Larry is Tape Op's editor and founder; and his duties also include overseeing all the editorial for this magazine. But although I'm known as the "publisher," we always confer about what interviews we have on hand that will fit together well for upcoming issues. During the production cycle of an issue, both of us will come up with new ideas for photos and sidebars while I'm working on the design and layout. It's a fruitful,long-term collaboration.
During the final week of our production cycle for issue #133, we got word that our friend and Tape Op contributor Neal Casal had passed away from suicide. It was a difficult week to get through, but it instigated discussions between us and led to some of the focus of this issue.
Neal's death came just a few weeks after the death of musician David Berman (the Silver Jews), also by suicide, and the list of musical artists who have taken their own lives – both well-known and not so well-known – is getting too long. Contributor Justin Douglas had already submitted a piece, "Working Happy," and it felt like the right time to run it. It's the first article here, and I believe it's a good place to begin as you take in this issue. As we planned out the rest of the content, we found similar threads in the interviews we were running. Mark Howard discusses how he became physically ill from stress in the studio. Erin Barra notes how she feels happier understanding her role in helping other people with their music as opposed to pursuing a career as an artist. Andrew Sarlo discusses self-doubt, vulnerability, and how making great art can be very difficult. In his End Rant, Larry describes his struggles with feelings of frustration and anxiety when working on unattended mix sessions.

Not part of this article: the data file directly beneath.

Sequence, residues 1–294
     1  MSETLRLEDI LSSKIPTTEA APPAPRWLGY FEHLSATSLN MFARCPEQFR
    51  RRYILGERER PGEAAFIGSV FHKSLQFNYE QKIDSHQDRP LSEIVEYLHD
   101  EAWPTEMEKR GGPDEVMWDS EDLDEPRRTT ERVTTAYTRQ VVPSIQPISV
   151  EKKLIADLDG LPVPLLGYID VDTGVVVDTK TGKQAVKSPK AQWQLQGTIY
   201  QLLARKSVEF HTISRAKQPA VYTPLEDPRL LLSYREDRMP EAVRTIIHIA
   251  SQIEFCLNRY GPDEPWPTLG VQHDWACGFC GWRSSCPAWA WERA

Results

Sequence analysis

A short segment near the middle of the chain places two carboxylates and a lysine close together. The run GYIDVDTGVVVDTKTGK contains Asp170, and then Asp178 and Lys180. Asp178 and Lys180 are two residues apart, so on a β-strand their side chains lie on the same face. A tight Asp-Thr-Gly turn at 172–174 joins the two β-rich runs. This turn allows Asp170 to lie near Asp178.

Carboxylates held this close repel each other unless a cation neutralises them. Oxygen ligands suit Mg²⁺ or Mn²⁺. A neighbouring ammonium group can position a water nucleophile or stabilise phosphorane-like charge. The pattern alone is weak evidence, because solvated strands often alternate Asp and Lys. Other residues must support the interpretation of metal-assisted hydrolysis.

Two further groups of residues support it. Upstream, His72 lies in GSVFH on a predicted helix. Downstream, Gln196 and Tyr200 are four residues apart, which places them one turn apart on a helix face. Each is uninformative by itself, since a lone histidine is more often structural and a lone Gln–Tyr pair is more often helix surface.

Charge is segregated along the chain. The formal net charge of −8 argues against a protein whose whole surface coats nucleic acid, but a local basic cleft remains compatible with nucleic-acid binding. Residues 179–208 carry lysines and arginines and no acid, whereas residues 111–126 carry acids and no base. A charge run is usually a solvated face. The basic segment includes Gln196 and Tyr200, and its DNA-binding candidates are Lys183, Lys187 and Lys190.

Even Annie Clark (St. Vincent), who most artists and producers would agree has had an enviable level of success, says, "You couldn't possibly judge me harder than I judge myself," at one point in her interview. Her take on life, work, and creativity is a good example of balance. As she points out, "I've learned the benefit – and you can speak to this too – of going, 'I am working these days. This is what I'm doing. Then these couple of days, I am not working.' If I don't specifically say I'm not working, I'll work all the time. Then I don't have things to bring into the work."
So, as you read through this issue, keep in mind that music, art, and your career are important and can be life-affirming, but they're not the most important part. You are the most important thing, so make sure to take care of yourself.
— John Baccigaluppi, publisher
This issue of Tape Op is dedicated to Neal Casal.
Read John's post here.